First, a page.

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Where There Is No Doctor in Japanese: Issha no inai tokoro de: mura no herusukea tebikisho. PDF of the most recent Japanese translation ofWhere There Is No Doctor containing first-aid and other medical information for earthquake and tsunami response.

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Saturday, May 21, 2011

Situation Update No. 115
Posted:2011-03-11, 12:38:52 [UTC]
Ref.no.: NC-20110311-29877-JPN

Situation Update No. 115
On 2011-05-22 at 02:51:01 [UTC]

Event: Nuclear Event
Location: Japan Fukushima Prefecture Fukushima I. Nucelar Power Plant

Number of Deads: 4 person(s)
Number of Injured: 36 person(s)
Number of Missing: 2 person(s)
Number of Evacuated: 170000 person(s)

Situation: Highly contaminated radioactive water that leaked into the sea in earlier May from a pit near a seawater intake of the No. 3 reactor at the Fukushima Daiichi nuclear power plant totaled 250 tons and contained an estimated 20 terabecquerels of radioactive substances, Tokyo Electric Power Co said Saturday. The estimated amount of radioactive substances from the plant, crippled by the March 11 earthquake and ensuing tsunami, is about 100 times the annual allowable limit for release outside the plant, said TEPCO. The leak is estimated to have lasted for 41 hours from 2 a.m. on May 10 through 7 p.m. on the following day, TEPCO said based on its analysis of data showing changes in water levels in the pit. The leak raised the concentration of radioactive substances within the port of the power plant, but the level outside the port did not change significantly, TEPCO said. The leak from near the No. 3 reactor compares with about 500 tons of radioactive water with 4,700 terabecquerels of radioactive substances that leaked from near the No. 2 reactor from April 1 to 6. TEPCO reported the latest finding to the government’s Nuclear and Industrial Safety Agency, which is expected to ask the utility to take steps to prevent a recurrence. The utility found out about the leak on May 11 and stopped it by filling the pit with concrete and other substances that day. Meanwhile, a large artificial floating island, which is capable of storing about 10,000 tons of water inside, berthed along the quay near the Fukushima plant Saturday morning. The 136-meter-long, 46-meter-wide ‘‘megafloat’’ will be used to store low contaminated radioactive water that has been decontaminated. The floating island was originally used in the city of Shizuoka as a park for sea fishing.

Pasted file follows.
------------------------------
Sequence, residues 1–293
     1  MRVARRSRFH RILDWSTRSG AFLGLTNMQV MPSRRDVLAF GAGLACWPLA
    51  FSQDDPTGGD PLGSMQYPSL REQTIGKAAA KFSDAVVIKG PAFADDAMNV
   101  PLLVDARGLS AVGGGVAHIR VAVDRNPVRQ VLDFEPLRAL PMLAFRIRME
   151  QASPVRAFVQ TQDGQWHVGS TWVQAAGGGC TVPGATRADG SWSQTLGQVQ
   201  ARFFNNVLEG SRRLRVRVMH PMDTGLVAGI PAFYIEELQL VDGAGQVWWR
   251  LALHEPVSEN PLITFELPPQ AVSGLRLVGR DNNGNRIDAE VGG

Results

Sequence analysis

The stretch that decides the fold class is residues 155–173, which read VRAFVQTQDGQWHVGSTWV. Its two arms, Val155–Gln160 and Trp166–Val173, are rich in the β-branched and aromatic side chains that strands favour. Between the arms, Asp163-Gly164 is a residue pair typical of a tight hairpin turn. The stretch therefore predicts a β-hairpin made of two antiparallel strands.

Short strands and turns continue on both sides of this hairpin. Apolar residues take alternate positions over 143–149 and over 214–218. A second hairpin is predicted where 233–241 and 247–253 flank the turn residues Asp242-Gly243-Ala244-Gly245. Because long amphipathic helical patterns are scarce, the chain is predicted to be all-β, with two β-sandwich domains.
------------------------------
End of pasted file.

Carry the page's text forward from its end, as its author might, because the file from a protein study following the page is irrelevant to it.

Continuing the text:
2011-05-22 03:01:35 - Flash Flood - Japan

EDIS Code: FF-20110522-30833-JPN
Date&Time: 2011-05-22 03:01:35 [UTC]
Continent: Asia
Country: Japan
State/Prov.: Prefecture of Miyagi,
Location: ,
City: Ishinomaki

Damage level: Moderate (Level 2)

Not confirmed information!
Event location map
Description:

Flooding has been a regular occurrence in some neighborhoods in Ishinomaki recently, but it has nothing to do with torrential rains--high tides now inundate land that was sunk by the Great East Japan Earthquake. The seawater floods have forced residents to leave their homes and a local primary school to change its schedule so children would not be stranded at school by the rising waters. In one area of the city, waters were about one meter deep during the spring tides. Kazunori Akiyama wore fishing waders and walked through knee-deep water to pick up a parcel from a customer in the Shiotomicho district of the city. Carrying the box on his shoulder, the 38-year-old delivery company employee said, "The water's unavoidable during deliveries at this hour. I have to be careful with people's packages to keep them dry." According to the city government, some areas sank by as much as 78 centimeters due to the disaster. About 300 households in Shiotomicho, Mangokucho and other districts now flood regularly. Residents have asked the city government to provide sandbags to protect their homes. Mangokuura Primary School has had to be flexible to make sure its 417 students are able to make it home before high tides block off roads. Kids are let out three hours before high tide, meaning school sometimes ends as early as 1 p.m. Floods have also hindered ambulances trying to respond to emergencies in the city. Ishinomaki Mayor Hiroshi Kameyama went to the Miyagi prefectural office Wednesday to ask for emergency aid to cope with the flooding during high tides. The prefectural government decided to erect a temporary embankment and set up drainage pumps along the coast in two districts by early June. But a city government official warned, "When the rainy season comes, there could be some major flooding when the rains combine with high tides."